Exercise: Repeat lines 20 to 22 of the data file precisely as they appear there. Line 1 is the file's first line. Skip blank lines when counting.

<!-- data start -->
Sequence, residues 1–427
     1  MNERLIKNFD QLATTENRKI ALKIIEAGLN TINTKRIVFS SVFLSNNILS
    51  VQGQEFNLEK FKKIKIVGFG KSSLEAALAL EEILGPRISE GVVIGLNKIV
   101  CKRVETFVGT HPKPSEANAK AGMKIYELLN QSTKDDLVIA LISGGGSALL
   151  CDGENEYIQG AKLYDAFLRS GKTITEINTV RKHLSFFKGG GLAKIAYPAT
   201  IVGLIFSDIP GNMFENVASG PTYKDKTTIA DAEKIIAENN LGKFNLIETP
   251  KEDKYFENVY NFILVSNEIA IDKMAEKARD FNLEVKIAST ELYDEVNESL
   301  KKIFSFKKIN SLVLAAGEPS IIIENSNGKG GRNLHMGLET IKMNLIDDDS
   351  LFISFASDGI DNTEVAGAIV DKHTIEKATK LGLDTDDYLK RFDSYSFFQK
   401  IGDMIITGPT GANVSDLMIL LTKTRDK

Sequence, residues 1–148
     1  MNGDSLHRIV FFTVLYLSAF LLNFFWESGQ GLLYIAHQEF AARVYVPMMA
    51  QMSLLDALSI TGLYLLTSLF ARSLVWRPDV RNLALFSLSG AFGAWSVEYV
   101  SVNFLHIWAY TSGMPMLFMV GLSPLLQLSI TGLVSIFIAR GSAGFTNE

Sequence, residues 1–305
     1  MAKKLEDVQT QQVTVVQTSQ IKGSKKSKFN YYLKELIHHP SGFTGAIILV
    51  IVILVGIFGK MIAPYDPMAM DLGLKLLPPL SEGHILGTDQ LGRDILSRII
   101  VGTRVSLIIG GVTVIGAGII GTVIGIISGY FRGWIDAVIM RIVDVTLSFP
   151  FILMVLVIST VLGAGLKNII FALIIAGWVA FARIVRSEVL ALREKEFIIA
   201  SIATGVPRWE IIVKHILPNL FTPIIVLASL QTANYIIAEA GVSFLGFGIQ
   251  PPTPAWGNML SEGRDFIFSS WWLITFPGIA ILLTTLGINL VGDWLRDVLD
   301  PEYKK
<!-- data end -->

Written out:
   201  SIATGVPRWE IIVKHILPNL FTPIIVLASL QTANYIIAEA GVSFLGFGIQ
   251  PPTPAWGNML SEGRDFIFSS WWLITFPGIA ILLTTLGINL VGDWLRDVLD
   301  PEYKK